The Jewish Week is always here for you.
We need your support now.
Your contribution will help us bring you vital news
and frequent updates about the impact of COVID-19.
Rebuilding Lebanese Jewry

Rebuilding Lebanese Jewry

In the last several years, following the Lebanese civil war of the 1970s and Israeli battles against Lebanese-based PLO fighters of the 1980s and Israeli fights against Hezbollah since the 1990s, rumors circulated that the Lebanese Jewish community had ceased to be, and that the last handful of Jews had surreptitiously found a home in Israel.

The rumors of the death of Lebanese Jewry, it turns out, were premature.
Repairs began last month on the shell of Beirut’s historic Magen Avraham synagogue, coordinated by the 200-member Lebanese Jewish Community Council, funded by private donors and the Solidere construction firm, and approved by all of the country’s political parties, including Hezbollah.
“We respect divine religions, including the Jewish religion,” said Hezbollah spokesman Hussein Rahhal.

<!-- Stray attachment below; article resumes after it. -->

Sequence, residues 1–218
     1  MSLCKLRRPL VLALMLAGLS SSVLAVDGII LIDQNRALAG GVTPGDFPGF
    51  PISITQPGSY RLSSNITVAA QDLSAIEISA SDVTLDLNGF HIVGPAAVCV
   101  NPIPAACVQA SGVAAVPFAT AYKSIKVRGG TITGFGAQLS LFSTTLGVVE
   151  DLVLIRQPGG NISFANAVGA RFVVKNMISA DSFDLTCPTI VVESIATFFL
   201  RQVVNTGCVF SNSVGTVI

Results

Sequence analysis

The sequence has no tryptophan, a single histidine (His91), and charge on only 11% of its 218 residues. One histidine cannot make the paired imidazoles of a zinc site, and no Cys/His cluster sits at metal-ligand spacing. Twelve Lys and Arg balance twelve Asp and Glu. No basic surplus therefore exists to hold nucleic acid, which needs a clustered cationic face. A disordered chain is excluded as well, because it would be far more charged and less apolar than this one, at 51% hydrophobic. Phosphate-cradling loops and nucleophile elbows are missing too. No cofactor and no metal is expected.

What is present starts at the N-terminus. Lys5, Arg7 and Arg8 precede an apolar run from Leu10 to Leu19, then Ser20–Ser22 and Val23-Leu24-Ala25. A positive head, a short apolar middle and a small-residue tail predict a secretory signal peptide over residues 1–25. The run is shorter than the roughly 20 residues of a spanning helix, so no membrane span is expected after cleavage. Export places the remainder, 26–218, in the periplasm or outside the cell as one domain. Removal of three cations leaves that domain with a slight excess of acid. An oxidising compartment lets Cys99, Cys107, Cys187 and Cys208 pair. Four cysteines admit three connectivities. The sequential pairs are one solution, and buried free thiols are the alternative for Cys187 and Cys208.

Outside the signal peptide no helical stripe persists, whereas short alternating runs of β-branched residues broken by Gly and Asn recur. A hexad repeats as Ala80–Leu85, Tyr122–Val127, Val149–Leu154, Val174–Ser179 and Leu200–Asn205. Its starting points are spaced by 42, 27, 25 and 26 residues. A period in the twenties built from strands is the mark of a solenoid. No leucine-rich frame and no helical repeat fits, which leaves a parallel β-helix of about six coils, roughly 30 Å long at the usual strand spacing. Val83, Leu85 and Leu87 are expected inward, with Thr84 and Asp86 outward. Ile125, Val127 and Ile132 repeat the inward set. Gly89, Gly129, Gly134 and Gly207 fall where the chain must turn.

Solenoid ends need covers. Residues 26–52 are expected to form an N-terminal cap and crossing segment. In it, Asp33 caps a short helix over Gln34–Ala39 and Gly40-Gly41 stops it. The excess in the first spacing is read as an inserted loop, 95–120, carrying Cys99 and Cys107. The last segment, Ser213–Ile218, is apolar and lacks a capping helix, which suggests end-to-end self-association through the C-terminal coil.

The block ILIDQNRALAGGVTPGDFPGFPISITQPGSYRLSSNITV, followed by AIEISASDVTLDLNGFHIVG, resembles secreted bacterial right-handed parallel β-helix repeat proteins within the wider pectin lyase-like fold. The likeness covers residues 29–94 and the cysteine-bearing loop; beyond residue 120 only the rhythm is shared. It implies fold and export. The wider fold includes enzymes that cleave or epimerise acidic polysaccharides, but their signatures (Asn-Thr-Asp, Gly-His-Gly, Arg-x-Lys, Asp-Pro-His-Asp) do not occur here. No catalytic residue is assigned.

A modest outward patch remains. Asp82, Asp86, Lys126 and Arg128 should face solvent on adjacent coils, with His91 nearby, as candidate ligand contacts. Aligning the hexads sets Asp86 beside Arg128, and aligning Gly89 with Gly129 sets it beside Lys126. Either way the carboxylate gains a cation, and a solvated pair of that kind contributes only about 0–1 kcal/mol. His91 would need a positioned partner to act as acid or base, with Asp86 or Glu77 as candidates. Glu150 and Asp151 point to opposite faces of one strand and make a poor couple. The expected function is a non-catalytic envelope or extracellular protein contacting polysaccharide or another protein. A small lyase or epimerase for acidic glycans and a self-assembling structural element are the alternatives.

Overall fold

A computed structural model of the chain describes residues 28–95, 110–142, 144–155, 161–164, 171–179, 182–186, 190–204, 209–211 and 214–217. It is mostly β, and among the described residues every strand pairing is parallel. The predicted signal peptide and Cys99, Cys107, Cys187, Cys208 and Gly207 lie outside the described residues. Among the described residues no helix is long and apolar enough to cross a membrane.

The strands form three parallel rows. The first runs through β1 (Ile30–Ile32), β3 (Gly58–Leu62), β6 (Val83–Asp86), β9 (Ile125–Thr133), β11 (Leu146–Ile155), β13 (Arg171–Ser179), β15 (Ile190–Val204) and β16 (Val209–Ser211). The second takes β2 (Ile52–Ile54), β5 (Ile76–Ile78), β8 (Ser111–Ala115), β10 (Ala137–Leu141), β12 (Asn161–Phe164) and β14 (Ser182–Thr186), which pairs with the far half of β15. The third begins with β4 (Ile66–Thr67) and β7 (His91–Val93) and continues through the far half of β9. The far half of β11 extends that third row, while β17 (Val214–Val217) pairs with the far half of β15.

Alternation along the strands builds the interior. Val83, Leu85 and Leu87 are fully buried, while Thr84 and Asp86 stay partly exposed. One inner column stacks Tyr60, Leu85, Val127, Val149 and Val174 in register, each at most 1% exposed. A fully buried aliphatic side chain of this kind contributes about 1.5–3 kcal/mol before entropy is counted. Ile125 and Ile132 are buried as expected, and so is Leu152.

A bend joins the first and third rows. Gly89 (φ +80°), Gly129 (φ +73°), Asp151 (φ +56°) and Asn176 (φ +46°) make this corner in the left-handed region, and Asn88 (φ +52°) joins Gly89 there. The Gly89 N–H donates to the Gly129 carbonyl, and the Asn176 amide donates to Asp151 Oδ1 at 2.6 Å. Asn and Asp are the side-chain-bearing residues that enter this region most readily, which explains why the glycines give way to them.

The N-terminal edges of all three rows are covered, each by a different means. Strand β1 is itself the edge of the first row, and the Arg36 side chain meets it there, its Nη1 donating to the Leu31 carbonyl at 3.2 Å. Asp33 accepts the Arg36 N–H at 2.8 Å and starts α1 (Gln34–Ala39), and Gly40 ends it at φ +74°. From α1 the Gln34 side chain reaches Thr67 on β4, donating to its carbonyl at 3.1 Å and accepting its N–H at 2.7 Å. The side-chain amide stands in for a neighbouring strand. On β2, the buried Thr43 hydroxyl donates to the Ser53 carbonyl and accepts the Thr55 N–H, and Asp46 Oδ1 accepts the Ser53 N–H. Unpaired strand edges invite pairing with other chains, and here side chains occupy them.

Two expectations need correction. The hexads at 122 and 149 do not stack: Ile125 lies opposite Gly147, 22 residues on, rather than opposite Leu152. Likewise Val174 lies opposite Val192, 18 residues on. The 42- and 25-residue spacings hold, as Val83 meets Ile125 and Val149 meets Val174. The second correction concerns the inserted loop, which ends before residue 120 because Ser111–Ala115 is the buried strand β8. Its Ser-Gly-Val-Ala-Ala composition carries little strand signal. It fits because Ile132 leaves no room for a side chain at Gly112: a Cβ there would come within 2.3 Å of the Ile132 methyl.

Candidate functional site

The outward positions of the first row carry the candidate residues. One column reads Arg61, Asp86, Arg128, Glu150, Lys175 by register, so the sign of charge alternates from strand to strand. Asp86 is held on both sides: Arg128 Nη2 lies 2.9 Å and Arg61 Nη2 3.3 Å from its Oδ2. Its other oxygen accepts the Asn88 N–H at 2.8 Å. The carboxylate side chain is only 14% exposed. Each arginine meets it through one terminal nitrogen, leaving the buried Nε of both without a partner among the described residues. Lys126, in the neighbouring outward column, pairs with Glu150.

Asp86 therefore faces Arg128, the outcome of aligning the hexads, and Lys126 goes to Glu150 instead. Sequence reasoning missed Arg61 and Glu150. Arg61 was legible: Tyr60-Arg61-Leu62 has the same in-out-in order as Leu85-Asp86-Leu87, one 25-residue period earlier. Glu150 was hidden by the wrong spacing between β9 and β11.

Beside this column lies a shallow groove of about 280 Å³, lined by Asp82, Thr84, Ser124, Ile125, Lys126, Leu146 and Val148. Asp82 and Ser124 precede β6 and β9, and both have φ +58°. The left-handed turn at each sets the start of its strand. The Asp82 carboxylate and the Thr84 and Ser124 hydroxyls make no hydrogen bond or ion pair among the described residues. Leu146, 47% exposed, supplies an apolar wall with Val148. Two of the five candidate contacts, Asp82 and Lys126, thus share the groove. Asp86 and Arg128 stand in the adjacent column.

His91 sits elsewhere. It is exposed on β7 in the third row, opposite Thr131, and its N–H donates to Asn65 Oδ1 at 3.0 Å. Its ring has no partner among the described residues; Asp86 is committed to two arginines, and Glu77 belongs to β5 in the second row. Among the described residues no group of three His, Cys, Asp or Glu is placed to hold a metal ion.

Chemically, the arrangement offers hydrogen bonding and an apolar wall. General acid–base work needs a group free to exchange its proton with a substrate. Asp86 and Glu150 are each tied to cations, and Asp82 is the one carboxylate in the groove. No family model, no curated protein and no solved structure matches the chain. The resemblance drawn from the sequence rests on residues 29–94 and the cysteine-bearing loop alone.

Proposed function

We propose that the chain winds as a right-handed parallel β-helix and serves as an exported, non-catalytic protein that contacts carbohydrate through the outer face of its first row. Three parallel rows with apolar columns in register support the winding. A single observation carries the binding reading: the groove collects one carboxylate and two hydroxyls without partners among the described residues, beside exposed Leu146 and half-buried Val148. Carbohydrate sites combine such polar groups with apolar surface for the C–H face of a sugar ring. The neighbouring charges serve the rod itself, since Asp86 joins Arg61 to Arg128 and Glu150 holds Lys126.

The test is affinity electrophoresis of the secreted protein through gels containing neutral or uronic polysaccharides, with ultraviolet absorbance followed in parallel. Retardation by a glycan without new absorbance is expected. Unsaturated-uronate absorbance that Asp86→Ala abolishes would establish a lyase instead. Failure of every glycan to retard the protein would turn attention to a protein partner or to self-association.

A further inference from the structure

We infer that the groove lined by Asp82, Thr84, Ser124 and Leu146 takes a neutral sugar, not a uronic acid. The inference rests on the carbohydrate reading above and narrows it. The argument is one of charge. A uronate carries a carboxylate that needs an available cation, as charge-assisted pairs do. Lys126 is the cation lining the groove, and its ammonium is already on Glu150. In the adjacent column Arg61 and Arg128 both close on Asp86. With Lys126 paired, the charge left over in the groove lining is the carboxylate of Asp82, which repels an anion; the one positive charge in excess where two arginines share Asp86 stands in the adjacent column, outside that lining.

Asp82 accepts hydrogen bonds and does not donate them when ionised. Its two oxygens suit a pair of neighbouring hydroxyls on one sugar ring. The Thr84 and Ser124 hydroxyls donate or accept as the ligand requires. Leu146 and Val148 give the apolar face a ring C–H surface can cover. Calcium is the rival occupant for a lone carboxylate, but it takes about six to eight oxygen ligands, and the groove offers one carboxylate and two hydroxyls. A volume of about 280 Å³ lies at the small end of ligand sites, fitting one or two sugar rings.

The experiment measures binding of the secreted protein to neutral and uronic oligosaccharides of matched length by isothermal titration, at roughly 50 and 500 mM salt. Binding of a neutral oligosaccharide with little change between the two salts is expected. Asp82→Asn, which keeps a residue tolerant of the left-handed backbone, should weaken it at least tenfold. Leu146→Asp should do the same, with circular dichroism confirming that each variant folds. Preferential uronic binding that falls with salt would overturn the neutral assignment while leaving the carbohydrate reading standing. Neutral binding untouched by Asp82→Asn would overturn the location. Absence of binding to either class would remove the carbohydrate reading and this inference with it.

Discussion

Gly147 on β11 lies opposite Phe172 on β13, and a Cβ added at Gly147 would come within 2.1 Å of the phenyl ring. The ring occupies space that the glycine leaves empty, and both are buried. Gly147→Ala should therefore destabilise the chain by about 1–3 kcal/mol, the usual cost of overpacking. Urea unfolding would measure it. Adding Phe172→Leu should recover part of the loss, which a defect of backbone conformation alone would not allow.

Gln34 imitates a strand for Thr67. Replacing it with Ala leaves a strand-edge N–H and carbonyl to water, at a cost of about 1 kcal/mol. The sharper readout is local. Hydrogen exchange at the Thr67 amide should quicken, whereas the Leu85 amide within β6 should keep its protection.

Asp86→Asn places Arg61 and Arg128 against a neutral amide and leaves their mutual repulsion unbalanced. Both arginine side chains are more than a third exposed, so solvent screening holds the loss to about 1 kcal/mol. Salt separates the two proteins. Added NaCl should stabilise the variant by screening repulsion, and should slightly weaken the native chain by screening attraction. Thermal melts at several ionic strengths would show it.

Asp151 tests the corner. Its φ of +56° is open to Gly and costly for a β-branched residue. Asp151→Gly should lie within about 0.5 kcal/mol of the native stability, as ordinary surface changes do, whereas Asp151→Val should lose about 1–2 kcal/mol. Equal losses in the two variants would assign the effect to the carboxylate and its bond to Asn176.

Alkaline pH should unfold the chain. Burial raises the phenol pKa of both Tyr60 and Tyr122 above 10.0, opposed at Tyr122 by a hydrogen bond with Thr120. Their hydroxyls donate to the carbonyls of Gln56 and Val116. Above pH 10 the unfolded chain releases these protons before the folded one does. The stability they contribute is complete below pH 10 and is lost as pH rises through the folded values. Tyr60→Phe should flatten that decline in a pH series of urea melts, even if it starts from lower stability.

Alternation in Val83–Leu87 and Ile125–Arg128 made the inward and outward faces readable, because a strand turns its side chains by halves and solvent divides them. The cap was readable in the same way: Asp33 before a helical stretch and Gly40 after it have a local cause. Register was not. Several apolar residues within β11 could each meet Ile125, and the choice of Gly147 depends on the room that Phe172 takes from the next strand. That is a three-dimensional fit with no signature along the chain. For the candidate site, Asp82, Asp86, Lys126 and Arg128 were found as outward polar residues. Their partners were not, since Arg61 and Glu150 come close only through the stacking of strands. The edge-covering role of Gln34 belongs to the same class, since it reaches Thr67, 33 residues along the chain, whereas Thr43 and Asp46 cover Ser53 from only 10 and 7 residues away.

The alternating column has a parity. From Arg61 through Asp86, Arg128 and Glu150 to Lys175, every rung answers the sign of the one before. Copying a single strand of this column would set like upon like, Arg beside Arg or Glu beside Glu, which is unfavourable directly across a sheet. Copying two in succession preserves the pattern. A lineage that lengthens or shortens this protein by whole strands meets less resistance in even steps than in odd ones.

The renovated building on Wadi Abu Jmil Street in central Beirut, surrounded by high-rise apartment buildings a few hundred yards from the Lebanese parliament, may serve as a museum, some Lebanese newspapers and television stations reported, but the community council’s Web site states that Magen Avraham will retain its status as a site for Jewish worship. “The synagogue … will remain at the heart of the Lebanese Jewish community’s religious practices and social-communal activities.”
“We hope this initiative will ensure that the community grows once again,” said Isaac Arazi, president of the community council.

More than 20,000 Jews lived in Lebanon before the civil war, and Beirut, home to most of them, had 18 synagogues. Magen Avraham is the last remaining one. During World War II, it became a center of underground Zionist activity and a temporary shelter for refugees on the way to Palestine.

The 80-year-old, cream-colored stucco building, inset, suffered structural damage — including a gaping hole in the red-tile roof, and shattered chandeliers — during the civil war and the 1982 Israeli-PLO fighting. A construction worker, above, reviews drawings of the dawn-to-dusk, yearlong restoration project.

Workers, mostly Shi’ite Muslims, have begun to clear debris from the site and erect scaffolding in the synagogue’s interior.

The community council also plans to restore Beirut’s Jewish cemetery, home to 4,500 graves.
In related news, Israeli sources confirmed earlier this month that most of Yemen’s 250-member Jewish community is planning to leave the country in the face of persecution and violence.

read more: